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New X-ray detection technology developed

Date:
August 31, 2020
Source:
Florida State University
Summary:
Researchers have developed a new material that could be used to make flexible X-ray detectors that are less harmful to the environment and cost less than existing technologies.
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Florida State University researchers have developed a new material that could be used to make flexible X-ray detectors that are less harmful to the environment and cost less than existing technologies.

The team led by Biwu Ma, a professor in the Department of Chemistry and Biochemistry, created X-ray scintillators that use an environmentally friendly material. Their research was published in the journal Nature Communications .

"Developing low-cost scintillation materials that can be easily manufactured and that perform well remains a great challenge," Ma said. "This work paves the way for exploring new approaches to create these important devices."

Biwu Ma, professor in the Department of Chemistry and Biochemistry X-ray scintillators convert the radiation of an X-ray into visible light, and they are a common type of X-ray detector. When you visit the dentist or the airport, scintillators are used to take images of your teeth or scan your luggage.

Various materials have been used to make X-ray scintillators, but they can be difficult or expensive to manufacture. Some recent developments use compounds that include lead, but the toxicity of lead could be a concern.

Ma's team found a different solution. They used the compound organic manganese halide to create scintillators that don't use lead or heavy metals. The compound can be used to make a powder that performs very well for imaging and can be combined with a polymer to create a flexible composite that can be used as a scintillator. That flexibility broadens the potential use of this technology.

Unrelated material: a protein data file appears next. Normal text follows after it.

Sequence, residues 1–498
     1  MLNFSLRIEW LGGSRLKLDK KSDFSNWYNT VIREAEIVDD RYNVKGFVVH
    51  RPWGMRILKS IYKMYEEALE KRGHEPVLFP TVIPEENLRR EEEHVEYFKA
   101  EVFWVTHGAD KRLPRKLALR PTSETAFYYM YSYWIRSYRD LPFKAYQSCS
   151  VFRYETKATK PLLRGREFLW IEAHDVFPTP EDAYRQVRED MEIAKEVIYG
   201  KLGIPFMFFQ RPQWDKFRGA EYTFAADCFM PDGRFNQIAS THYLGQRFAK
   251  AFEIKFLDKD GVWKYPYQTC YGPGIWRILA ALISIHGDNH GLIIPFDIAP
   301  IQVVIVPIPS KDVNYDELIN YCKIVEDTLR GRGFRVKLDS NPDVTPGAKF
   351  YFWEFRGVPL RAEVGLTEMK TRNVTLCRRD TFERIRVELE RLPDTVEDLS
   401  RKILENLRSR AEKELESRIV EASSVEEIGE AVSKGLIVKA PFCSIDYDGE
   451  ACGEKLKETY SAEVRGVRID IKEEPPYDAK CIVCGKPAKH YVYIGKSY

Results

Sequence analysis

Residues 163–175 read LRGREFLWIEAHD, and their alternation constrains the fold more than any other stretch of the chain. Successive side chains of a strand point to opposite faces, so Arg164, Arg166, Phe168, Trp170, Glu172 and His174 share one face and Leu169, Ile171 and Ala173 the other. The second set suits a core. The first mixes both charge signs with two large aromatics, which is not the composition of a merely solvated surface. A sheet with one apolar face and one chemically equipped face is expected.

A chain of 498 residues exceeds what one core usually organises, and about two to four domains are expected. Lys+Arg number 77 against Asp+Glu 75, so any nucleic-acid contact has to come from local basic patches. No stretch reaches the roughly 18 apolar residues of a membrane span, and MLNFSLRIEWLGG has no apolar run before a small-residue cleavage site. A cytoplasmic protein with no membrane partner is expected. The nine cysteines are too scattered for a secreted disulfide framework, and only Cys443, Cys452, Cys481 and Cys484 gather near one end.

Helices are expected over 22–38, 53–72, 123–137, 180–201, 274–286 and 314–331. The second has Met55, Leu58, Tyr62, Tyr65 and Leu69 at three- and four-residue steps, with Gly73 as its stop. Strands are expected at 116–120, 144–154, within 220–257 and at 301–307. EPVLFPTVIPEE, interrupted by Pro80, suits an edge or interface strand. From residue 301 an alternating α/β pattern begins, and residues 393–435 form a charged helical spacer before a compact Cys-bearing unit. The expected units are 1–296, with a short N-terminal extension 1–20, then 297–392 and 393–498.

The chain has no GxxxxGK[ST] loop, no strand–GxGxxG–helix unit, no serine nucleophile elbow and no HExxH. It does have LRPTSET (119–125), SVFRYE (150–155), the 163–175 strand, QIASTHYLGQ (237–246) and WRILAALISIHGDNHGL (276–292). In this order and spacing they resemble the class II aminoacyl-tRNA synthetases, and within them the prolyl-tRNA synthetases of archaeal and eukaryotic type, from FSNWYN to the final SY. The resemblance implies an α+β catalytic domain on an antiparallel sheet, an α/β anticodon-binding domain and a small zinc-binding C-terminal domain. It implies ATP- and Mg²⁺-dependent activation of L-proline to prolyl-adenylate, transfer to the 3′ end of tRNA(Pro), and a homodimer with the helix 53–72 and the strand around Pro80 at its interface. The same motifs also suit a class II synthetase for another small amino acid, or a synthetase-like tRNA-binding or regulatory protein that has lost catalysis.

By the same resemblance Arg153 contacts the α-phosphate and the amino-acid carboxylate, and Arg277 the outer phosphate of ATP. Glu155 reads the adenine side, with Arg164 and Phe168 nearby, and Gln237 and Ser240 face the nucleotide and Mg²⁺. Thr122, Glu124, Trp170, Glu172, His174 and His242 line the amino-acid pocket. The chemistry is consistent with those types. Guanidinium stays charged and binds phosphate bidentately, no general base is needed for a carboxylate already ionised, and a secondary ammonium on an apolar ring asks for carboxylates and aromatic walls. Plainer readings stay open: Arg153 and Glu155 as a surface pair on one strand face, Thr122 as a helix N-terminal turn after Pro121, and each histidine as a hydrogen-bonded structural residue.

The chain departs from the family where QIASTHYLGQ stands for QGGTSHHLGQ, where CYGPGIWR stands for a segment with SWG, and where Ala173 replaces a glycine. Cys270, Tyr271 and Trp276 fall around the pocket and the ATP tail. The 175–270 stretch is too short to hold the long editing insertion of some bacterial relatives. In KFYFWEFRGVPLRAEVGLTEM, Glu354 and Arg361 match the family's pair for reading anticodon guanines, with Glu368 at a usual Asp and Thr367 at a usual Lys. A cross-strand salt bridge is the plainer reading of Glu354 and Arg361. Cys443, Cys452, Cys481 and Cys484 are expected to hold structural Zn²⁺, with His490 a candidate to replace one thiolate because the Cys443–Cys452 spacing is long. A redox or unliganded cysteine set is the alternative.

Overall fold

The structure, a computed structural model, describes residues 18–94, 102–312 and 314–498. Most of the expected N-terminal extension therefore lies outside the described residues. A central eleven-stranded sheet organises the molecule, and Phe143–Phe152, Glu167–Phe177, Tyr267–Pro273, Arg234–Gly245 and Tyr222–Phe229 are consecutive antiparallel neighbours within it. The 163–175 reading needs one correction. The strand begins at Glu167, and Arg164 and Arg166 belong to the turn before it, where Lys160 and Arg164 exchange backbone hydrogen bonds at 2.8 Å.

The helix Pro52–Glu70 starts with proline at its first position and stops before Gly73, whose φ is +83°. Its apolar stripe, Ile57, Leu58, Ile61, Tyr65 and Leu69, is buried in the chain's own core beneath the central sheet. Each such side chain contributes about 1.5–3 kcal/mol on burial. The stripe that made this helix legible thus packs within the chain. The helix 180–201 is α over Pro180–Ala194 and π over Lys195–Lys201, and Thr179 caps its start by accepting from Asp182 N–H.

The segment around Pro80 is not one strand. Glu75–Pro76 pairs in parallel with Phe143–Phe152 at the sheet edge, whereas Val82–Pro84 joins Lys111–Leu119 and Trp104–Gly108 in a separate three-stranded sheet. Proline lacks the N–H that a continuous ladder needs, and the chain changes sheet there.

"Researchers have made scintillators with a variety of compounds, but this technology offers something that combines low cost with high performance and environmentally friendly materials," Ma said. "When you also consider the ability to make flexible scintillators, it's a promising avenue to explore."

Ma recently received a GAP Commercialization Investment Program grant from the FSU Office of the Vice President for Research to develop this technology. The grants help faculty members turn their research into possible commercial products.


Story Source:

Materials provided by Florida State University. Original written by Bill Wellock. Note: Content may be edited for style and length.


Journal Reference:

  1. Liang-Jin Xu, Xinsong Lin, Qingquan He, Michael Worku, Biwu Ma. Highly efficient eco-friendly X-ray scintillators based on an organic manganese halide. Nature Communications, 2020; 11 (1) DOI: 10.1038/s41467-020-18119-y

Cite This Page:

Florida State University. "New X-ray detection technology developed." ScienceDaily. ScienceDaily, 31 August 2020. <www.sciencedaily.com/releases/2020/08/200831154359.htm>.
Florida State University. (2020, August 31). New X-ray detection technology developed. ScienceDaily. Retrieved June 14, 2024 from www.sciencedaily.com/releases/2020/08/200831154359.htm
Florida State University. "New X-ray detection technology developed." ScienceDaily. www.sciencedaily.com/releases/2020/08/200831154359.htm (accessed June 14, 2024).

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